Central Organisation of Trade Unions (Cotu) has warned that the proposed tax increment in the 2018/19 financial year would open a floodgate to industrial action in the country.
Secretary general Francis Atwoli said the budget statement, presented at the National Assembly on Thursday by Treasury Cabinet secretary Henry Rotich is bound to hit workers hard.
On Thursday, Rotich presented a Sh3 trillion budget betting on a raft of taxes to deliver new development agenda for the country.
But Atwoli faulted the plan to increase taxes especially the inspection fees to 12 per cent on imported medicines.
“The further introduction of inspection duties of 25 per cent on imported medicines will make them unaffordable to workers who are already overtaxed,” said Atwoli.
Atwoli also opposed the new tax increment on kerosene and petrol. “This will affect transport for workers as PSVs would immediately hike fares. The increase will also have spiral effects on the cost of production,” he said.
“Failure by the government to cushion workers against these taxes will lead to confrontation from workers in demand for pay increases,” he warned.
Meanwhile, senior citizens can now contribute for their medical cover after Rotich said he will introduce amendments to retirement benefits regulation.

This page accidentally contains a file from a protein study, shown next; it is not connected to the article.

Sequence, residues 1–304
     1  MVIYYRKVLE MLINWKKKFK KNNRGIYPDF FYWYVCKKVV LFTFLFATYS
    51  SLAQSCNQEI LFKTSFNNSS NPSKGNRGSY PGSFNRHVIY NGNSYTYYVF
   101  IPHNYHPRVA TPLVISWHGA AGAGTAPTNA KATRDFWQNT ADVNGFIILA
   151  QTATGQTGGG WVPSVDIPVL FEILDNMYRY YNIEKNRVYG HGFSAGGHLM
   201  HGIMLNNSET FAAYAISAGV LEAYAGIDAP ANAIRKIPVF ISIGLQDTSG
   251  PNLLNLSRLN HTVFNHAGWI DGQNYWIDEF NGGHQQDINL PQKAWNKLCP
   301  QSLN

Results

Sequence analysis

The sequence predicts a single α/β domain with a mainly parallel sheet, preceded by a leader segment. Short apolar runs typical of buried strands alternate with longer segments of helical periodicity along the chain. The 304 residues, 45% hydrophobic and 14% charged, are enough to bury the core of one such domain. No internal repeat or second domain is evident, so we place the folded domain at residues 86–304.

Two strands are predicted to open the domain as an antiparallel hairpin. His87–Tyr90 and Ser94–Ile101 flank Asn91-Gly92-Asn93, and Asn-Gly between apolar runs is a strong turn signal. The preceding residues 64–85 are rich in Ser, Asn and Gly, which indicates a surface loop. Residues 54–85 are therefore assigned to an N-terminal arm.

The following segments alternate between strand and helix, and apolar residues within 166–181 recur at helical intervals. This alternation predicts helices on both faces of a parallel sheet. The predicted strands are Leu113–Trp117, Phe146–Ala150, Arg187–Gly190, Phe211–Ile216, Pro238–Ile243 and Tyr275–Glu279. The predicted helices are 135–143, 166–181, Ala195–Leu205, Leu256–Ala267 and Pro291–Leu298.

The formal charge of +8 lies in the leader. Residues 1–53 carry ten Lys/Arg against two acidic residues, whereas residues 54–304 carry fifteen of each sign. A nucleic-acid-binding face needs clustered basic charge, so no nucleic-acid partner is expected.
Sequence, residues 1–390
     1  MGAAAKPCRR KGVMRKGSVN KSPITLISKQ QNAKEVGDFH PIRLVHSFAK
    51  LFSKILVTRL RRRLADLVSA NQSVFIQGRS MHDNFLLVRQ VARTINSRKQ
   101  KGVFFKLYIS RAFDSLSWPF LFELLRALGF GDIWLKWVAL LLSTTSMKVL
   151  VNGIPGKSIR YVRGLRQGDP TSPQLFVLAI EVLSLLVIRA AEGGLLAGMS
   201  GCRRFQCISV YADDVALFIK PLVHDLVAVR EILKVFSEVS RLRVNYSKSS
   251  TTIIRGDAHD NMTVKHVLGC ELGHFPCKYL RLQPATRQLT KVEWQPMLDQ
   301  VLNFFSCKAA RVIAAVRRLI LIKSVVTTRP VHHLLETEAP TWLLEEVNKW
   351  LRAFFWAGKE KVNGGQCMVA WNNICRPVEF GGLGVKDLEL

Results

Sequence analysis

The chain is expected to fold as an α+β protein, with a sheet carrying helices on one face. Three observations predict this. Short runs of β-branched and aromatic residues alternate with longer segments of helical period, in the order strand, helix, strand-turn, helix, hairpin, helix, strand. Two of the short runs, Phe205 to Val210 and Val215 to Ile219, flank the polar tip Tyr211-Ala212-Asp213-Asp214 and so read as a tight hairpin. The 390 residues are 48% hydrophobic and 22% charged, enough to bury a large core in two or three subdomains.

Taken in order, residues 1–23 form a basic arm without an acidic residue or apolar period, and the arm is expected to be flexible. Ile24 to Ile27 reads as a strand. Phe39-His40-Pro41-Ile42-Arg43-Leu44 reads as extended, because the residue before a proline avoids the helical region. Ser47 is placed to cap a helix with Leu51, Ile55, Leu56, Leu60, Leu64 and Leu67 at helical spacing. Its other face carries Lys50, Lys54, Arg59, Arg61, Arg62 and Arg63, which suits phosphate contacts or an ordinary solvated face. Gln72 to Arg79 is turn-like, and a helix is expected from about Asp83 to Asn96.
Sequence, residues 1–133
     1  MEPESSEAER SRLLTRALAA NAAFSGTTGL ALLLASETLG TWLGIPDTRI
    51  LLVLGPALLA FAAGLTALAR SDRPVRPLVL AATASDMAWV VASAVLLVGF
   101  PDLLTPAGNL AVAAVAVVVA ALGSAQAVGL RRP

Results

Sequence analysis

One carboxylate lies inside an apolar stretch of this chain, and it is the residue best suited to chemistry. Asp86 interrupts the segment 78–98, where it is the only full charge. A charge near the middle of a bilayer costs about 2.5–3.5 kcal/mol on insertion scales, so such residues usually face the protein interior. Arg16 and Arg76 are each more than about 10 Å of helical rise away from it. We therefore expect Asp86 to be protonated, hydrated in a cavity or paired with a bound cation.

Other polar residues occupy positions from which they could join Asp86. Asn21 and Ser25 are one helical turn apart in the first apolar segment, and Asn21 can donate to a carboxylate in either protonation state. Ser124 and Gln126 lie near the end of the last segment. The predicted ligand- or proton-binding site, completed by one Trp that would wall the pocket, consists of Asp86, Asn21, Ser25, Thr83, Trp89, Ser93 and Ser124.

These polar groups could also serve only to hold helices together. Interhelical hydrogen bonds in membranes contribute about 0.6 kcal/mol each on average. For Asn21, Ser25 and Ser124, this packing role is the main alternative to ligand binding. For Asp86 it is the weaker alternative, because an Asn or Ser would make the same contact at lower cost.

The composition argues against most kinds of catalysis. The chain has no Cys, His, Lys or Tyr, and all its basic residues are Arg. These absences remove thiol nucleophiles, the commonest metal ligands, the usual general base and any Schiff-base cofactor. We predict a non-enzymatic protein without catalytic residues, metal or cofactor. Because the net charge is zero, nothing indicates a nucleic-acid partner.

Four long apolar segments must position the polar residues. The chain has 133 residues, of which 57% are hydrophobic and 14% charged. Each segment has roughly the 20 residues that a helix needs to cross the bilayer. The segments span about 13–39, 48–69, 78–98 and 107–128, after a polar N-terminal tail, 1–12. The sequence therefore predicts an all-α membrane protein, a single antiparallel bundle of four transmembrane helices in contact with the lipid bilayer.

Earlier this year, the National Health Insurance Fund (NHIF) launched a comprehensive in-patient and outpatient cover targeting retired civil servants as it continued to widen its net towards a universal health insurance cover.
The health insurer entered a memorandum of understanding with the Kenya Association of Retired Officers to establish a medical cover for the retirees that will range between Sh1 million and Sh2.5 million for inpatient and Sh100,000 to Sh350,000 for outpatient.
The CS said in 2016, the ministry introduced amendments to the Retirement Benefits (Individual Retirement Benefit Schemes) Regulations and the Retirement Benefits (Occupational Retirement Benefit Schemes) Regulations to provide for establishment of a medical fund into which members can contribute during their working life and the same be used to purchase medical cover upon retirement.
“I propose to introduce amendments to the same regulations to allow members who are unable to build medical funds during employment to utilise a portion of their retirement benefits for post-retirement medical cover. I further exempt the same fund from the retirement benefit levy to boost the member’s contribution,” the CS said.
He also proposed to amend the Retirement Benefits Act to enable the Authority intervene against employers who fail to remit such contributions. —Bernard Gitau & James Momanyi